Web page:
-Nick Lowe (Proper/MSI)
Though Nick Lowe was never a cynic, his 70s output showed a sardonic streak, so I wondered about his agreeing to do a Christmas album. Apparently, his becoming a father in 2005 made him more amenable to the request, but with one condition: no sleigh bells. And though there are a few public domain songs, there’s nothing you’ll recognize right away. In fact, most of the songs are original, written either by Lowe or some of his famous pals—Ron Sexsmith, Ry Cooder—especially for the record, ranging from the quietly hymnlike to the rockabillyish. There’s even a ska take on Wizzard’s glam hit “I Wish It Could Be Christmas Every Day,” but the best songs extend from Lowe’s late-in-life appreciation of 50s orchestral pop, conversational in style, contemplative in effect. It might actually get you in the mood for the holidays.
This Is…Icona Pop
-Icona Pop (Big Beat/Warner)
You say ABBA, I say Robyn. Let’s call the whole thing off. I get this Swedish pop duo and think they’re better at singing their songs than they are at writing them. Caroline Hjelt and Aino Jawo aren’t afraid to let their voices out of the production box, even if neither is bold enough to sing on her own, but the disco thump that powers their ready-made hits barrels through the album like a subway train to Ke$ha’s front door, making the catchy tunes difficult to appreciate and easy to make fun of, so don’t read the titles if you have a low threshhold for snark. Fun is where you find it, but you wonder how much fun is enough and then they drop a power ballad like “Just Another Night” and you wish Robyn or even ABBA were around to take that sour taste away.
Days Are Gone
The three Haim sisters have done more to make conventional L.A. pop-rock respectable than any group since Fleetwood Mac, which is why the two groups are so often compared, but the sound isn’t as similar as some believe. Haim is less intuitive than Lindsey Buckingham at his best, closer in appoach to precise indie rock-popsters like Spoon or Local Natives, closer in vocal density to Tegan and Sara. Keep in mind that none of them has produced a song as instantly likable as “Falling” or “If I Could Change Your Mind” (well, maybe T&S), and I think Paul Simon would kill for a tune like “Honey & I” if he knew he could get away with it. Over-produced? But this is L.A., where one guy’s over-production is another’s Tuesday squash match. Say what you will about the calculation, you’ll be listening to this non-stop come end-of-year-list-making time.
Don’t knock minimalism as a means of getting that booty shaking. Dance music is participatory by definition, so the trick is how to get people to become the music they’re listening to. This London trio remains suitably anonymous behind the cold, crisp beats and processed vocal interruptions, but the tracks’ lack of personality doesn’t detract from the very human pull they have on your attention. The first long cut on the album makes its valid point with little more than a steady tom beat, a nervous synth line, and a piercing high-hat shimmer, so when a full drum kit enters on cut 2, the body is ready for rocking, even if the m.o. doesn’t change. With all that air around the rhythm and the voices slipping in and out of the room almost unnoticed, the listener’s brain fills in its own melodies. You and the group are one.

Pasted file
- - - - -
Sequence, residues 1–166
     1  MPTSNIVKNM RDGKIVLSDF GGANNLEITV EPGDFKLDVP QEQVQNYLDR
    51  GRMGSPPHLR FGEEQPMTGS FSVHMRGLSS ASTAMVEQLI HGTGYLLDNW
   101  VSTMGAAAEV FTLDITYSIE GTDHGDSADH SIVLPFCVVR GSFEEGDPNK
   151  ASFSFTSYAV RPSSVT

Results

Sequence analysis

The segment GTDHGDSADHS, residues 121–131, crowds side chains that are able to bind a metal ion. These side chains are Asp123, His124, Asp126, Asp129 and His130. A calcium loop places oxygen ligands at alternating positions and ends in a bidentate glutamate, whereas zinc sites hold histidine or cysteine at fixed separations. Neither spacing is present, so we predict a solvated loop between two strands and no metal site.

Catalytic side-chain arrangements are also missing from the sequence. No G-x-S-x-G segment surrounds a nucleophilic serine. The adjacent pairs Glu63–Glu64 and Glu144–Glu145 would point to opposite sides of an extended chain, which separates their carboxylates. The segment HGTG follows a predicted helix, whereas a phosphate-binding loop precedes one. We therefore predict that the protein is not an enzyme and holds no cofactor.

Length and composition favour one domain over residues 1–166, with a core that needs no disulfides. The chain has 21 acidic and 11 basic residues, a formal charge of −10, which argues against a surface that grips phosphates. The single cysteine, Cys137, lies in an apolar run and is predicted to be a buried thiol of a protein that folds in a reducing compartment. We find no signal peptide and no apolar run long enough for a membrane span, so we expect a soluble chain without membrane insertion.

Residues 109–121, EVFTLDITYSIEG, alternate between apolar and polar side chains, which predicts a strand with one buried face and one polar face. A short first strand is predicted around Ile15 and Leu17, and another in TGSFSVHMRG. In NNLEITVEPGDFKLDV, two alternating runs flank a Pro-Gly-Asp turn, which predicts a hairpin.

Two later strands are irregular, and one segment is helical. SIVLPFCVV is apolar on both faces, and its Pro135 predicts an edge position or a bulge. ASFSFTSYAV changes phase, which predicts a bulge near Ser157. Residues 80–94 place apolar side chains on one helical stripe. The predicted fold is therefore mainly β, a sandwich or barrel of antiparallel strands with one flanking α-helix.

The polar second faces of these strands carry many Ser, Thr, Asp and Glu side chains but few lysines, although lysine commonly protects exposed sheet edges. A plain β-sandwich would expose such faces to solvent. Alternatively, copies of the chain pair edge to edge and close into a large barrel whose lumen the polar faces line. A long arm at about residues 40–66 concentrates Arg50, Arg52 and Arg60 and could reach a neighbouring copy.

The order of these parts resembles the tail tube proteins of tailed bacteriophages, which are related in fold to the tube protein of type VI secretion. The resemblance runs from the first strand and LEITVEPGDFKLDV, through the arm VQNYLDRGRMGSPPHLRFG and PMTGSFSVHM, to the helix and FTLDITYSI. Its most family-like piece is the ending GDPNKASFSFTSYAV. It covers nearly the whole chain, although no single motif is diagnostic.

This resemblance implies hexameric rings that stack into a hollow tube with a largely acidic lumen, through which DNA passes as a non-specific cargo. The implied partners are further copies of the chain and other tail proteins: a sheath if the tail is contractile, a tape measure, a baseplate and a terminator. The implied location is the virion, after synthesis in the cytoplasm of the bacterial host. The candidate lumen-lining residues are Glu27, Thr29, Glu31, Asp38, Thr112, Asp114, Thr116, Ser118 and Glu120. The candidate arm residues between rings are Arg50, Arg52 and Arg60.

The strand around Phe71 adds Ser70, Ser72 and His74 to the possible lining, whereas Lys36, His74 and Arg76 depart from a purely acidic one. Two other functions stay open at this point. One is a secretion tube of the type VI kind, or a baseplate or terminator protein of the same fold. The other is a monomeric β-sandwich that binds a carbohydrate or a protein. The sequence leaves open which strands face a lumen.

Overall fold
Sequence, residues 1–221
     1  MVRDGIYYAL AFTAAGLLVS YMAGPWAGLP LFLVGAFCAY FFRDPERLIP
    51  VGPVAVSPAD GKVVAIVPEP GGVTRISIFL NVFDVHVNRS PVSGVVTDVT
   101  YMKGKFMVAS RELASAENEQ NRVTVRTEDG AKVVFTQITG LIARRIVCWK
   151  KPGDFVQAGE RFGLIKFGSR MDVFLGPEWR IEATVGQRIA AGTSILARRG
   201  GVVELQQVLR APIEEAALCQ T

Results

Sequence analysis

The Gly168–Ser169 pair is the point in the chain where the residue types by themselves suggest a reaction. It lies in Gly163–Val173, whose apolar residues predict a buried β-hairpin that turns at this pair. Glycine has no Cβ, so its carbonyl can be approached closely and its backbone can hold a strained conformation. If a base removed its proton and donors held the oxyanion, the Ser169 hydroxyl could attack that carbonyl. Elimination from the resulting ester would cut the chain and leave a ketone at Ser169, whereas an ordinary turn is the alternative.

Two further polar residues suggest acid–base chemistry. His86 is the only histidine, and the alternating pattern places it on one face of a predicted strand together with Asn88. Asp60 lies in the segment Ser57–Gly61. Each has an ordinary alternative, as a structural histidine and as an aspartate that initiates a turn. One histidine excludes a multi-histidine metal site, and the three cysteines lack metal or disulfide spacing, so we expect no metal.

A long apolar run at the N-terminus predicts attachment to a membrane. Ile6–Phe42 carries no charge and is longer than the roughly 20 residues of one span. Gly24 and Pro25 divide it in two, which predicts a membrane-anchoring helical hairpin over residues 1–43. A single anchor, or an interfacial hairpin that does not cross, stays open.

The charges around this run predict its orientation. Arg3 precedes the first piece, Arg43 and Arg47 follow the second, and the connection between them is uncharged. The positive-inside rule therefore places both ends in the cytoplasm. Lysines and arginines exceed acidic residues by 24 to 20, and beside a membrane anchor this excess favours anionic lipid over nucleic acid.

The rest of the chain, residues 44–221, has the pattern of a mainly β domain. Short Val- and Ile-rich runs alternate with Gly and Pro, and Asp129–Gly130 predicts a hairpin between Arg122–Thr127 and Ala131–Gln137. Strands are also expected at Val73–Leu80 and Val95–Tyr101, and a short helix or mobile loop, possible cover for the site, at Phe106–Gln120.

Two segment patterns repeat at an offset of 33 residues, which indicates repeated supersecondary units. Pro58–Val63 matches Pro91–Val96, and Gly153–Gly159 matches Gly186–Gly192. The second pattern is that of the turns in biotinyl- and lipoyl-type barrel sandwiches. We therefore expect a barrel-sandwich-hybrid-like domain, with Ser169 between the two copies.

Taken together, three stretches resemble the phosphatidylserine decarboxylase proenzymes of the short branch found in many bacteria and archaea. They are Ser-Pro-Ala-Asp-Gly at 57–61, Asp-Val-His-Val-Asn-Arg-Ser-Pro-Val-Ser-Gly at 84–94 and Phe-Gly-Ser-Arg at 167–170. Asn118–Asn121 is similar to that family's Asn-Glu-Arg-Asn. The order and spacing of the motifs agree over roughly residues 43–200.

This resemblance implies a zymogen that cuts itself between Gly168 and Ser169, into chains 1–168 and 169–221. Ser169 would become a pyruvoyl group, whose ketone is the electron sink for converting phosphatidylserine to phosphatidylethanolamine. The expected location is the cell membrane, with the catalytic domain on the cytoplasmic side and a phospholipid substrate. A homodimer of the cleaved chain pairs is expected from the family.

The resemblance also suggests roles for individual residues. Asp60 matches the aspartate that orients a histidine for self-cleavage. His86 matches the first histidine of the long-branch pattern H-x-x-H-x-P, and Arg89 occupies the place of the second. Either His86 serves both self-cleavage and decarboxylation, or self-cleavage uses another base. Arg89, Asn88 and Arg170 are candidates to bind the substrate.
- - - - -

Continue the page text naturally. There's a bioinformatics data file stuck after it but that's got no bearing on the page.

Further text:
Though he’s still known to kick up his heels in concert, Moby’s albums continue to creep away from the dance music that originally made him famous. Innocents is another collection of beautiful, meticulously rendered ambient tracks interspersed with actual songs that the composer-producer has assigned to a disparate group of guest vocalists who have even less to do with dance music. Wayne Coyne is uncharacteristically serious on “The Perfect Life,” crooning in front of an ebullient gospel choir, while Mark Lanegan lends his weathered presence to a sad, Tom Waits-like midnight shuffle. When Moby slips in one of those old blues samples you recall how effective is still is more than a decade after his masterpiece Play, but at the same time you understand why he only does it occasionally now. He’s got to keep something in reserve for old age.
The hippie aesthetic has been thoroughly trashed in popular culture, but in professional music circles it’s always persisted despite occasional grumblings from the hardcore punk camp. As indicated by the spelling of the title of their sophomore album, L.A.’s Grouplove diverts their own tie-dyed predilections via London rather than, say, San Francisco (the drummer is the son of Yes’s Trevor Rabin), with a stronger emphasis on pop-rock than country blues-rock; and if the vibe is invariably happy it’s also borderline demented, thanks mainly to vocalist Christian Zucconi’s tendency to yelp at the end of every phrase. The value of such an approach is that the listener is repeatedly surprised in pleasant and wondrous ways. The manically intense “Borderline and Aliens” shifts position almost measure-by-measure, never ending up anywhere recognizable but, as the hippies used to say, the ride beats the destination, man.
-The Weeknd (Republic/Universal)
Abel Tesfaye has taken so long to get to his major label debut that it’s difficult to remember why everyone was so excited about him a year ago, when he released three highly anticipated mix tapes in a row for free on the Net. As good as those albums were in the over-crowded world of post-millennial R&B, Kiss Land erases their memory due to music biz exigencies. The fact that it’s received a proper release in Japan is proof of that, even if Universal hasn’t exactly promoted it. Granted, they’d have their work cut out for them since there isn’t much to promote except the Weeknd’s legend. Tesfaye’s production is more interesting than his singing, which is on the wimpy side even if his lyrics go straight for the groin; unlike the music itself, which is too self-involved to party, much less get it up.